Referring to FIG. 3, the motor control circuit 20 comprises a frequency doubler or Exclusive-OR gate 21. The squarewave pulse signals from the encoder 2 are passed through noise rejection filters 22 and 23, respectively, to the Exclusive-OR gate 21 to cause it to generate output pulses at twice the frequency of each input. The output of Exclusive-OR gate 21 is supplied to a first input of a phase detector 31. The horizontal sync pulse is applied through a noise rejection filter 24 to a phase-locked loop frequency multiplier 25 which is formed by a phase detector 26, a loop filter 27, a voltage-controlled oscillator 28 and a divide-by-N counter 29 (where N is an integer representing a scaling factor). The noise-rejected horizontal sync pulse at frequency "fh" is applied to one input of the phase detector 26 for making phase comparison with the output of the divide-by-N counter 29 to produce a signal representing a phase difference between the two signals. Having passed through the loop filter 27, the phase difference signal controls the frequency of the VCO 28 which in turn increments the counter 29. The scaling factor N of counter 29 is controlled in response to a command signal supplied on bus 38 from the microcomputer 16 in accordance with a selected operating mode. Because of the frequency and phase tracking action of the loop 25, the output of counter 29 coincides in frequency and phase with those of the horizontal sync pulses by setting the output of the VCO 28 at a frequency which is N times the frequency of the horizontal sync pulses. The output of the VCO is also applied to the divide-by-M counter 30. The scaling factor M of the counter 30 is controlled by a scaling factor command signal on bus 39 from the microcomputer 16 in accordance with the selected operating mode. Thus, the output of counter 30 is at a frequency which is N/M times the horizontal sync frequency fh. The output of counter 30 is applied to a second input of the phase detector 31 for phase comparison with the output of Exclusive-OR gate 21.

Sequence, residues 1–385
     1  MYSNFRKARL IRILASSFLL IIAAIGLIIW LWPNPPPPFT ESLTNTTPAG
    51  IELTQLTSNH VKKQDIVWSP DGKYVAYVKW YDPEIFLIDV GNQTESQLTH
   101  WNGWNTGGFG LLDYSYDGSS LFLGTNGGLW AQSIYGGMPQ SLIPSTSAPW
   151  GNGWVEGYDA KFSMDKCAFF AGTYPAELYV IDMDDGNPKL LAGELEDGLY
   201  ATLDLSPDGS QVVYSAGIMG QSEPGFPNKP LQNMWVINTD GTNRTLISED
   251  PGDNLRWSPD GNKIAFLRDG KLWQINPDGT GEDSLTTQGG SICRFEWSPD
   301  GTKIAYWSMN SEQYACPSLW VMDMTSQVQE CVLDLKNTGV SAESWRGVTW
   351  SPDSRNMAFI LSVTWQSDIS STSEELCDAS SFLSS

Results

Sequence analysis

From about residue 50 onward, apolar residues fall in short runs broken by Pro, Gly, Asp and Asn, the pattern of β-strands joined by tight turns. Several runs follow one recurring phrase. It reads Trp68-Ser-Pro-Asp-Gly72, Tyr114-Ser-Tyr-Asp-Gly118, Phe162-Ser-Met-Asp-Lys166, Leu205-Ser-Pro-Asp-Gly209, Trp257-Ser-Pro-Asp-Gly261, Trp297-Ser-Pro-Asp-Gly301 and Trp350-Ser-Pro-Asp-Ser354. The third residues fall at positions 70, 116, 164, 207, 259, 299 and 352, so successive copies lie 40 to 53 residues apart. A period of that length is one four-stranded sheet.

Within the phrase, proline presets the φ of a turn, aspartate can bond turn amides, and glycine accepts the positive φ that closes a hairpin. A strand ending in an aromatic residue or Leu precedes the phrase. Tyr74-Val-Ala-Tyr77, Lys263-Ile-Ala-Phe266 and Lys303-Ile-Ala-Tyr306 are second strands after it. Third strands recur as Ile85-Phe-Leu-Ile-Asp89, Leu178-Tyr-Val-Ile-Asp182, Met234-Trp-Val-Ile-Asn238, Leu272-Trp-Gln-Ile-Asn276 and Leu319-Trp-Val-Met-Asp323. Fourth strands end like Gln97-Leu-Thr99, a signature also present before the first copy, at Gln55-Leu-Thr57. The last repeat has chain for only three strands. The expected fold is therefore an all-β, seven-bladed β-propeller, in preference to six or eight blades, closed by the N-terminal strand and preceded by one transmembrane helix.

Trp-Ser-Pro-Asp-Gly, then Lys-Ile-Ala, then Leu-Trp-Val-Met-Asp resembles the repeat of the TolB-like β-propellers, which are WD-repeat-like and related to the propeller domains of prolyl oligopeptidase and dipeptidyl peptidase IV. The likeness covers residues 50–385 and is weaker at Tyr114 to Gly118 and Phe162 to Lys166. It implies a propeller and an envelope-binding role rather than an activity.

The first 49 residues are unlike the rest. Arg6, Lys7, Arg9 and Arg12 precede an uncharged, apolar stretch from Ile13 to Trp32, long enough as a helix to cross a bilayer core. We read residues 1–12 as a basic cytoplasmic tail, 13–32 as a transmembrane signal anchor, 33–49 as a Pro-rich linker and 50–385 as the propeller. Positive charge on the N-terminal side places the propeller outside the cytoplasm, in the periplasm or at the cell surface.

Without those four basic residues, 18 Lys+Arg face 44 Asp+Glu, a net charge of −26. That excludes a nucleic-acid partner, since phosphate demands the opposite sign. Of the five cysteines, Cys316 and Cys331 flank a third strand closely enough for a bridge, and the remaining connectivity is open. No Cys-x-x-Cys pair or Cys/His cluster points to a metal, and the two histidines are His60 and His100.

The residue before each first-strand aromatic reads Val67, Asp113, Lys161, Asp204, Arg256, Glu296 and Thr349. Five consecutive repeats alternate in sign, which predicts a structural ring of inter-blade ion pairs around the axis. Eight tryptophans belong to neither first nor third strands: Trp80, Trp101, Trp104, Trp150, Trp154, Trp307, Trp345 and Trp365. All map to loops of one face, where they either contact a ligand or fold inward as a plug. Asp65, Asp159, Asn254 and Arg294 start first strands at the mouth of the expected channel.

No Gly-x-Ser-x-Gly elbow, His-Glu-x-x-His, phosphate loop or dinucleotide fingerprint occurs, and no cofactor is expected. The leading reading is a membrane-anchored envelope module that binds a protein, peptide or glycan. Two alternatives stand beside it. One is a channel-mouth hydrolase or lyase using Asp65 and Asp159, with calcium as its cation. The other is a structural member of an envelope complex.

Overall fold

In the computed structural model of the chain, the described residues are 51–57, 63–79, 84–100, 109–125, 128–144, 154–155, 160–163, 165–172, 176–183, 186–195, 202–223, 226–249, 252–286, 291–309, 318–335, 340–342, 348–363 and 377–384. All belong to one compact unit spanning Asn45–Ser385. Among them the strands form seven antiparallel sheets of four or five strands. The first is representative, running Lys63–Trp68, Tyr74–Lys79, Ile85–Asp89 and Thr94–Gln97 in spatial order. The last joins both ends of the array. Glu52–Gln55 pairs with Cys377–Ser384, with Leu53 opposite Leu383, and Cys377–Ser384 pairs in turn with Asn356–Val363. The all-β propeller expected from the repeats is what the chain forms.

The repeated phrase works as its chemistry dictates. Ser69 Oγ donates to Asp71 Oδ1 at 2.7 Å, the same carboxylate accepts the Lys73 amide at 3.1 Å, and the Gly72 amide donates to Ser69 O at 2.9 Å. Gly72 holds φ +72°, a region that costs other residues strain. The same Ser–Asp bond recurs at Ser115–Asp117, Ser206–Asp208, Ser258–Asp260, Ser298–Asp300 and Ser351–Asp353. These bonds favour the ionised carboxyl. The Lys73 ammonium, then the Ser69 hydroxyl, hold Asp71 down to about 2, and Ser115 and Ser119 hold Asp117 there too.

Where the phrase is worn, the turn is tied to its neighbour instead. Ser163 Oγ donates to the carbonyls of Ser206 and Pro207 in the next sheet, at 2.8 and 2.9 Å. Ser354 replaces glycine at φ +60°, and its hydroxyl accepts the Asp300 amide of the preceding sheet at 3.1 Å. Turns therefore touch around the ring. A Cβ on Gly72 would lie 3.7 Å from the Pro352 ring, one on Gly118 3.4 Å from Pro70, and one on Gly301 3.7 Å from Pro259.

Assume that 600 pulses are generated by Exclusive-OR gate 21 per revolution of the transducer 3 for which 1,560 horizontal sync pulses must be generated and for which transmission and reception are performed at every four horizontal scan intervals. By having the microcomputer 16 set the N and M scaling factors equal to 5 and 13, respectively, the output of counter 30 and hence the horizontal sync pulse occurs at a pulse rate equal to the pulse rate of the encoder 2. Phase comparison is made one-to-one correspondence between the pulses applied to the inputs of phase comparator 31 and all the encoder pulses contribute to the generation of a phase difference signal and thus occurs approximately 1.5 times for each set of transmission and reception. Therefore, the present invention can eliminate speed variations which would otherwise occur at the instant of energy transmission and reception for all modes of operation.
The output of phase detector 41 is passed through a loop filter 32 to remove high frequency components to produce a DC signal representing a deviation of the motor speed from the reference set by the horizontal sync pulse. A speed variation detector 33 responds to variations in the speed deviation of the motor 1 due to undesired load variations by generating a speed correction signal which is applied to a motor drive circuit 37 that supplies a control current to the motor 1. Speed variation detector 33 essentially comprises a differentiator and a variable gain amplifier whose gain is set by a signal on bus 40 from the microcomputer 16 in accordance with a loop gain established by the selected operating mode. A high-frequency emphasis circuit 34 is also connected to be responsive to the speed deviation signal from the loop filter 32. This emphasis circuit accentuates the speed deviation signal from the loop filter 32 with emphasis which monotonically increases with frequency in accordance with a signal on bus 41 from microcomputer 16. This compensates for the loss of speed gain of the motor 1 as a function of frequency. The output of emphasis circuit 34 is combined with a speed setting DC voltage supplied from a digital-to-analog converter 35. This DC voltage is established with a digital signal on bus 42 to set the fundamental speed of the motor 1 for a given mode of operation. The combined voltage is adjusted by a gain control circuit 36 which is controlled by a signal on bus 43, the output of gain control circuit 36 being combined with a rapid speed variation component from detector 33 at the input of motor drive circuit 37 which drives the motor 1.
The foregoing description shows only one preferred embodiment of the present invention. Various modifications are apparent to those skilled in the art without departing from the scope of the present invention which is only limited by the appended claims. Therefore, the embodiment shown and described is only illustrative, not restrictive.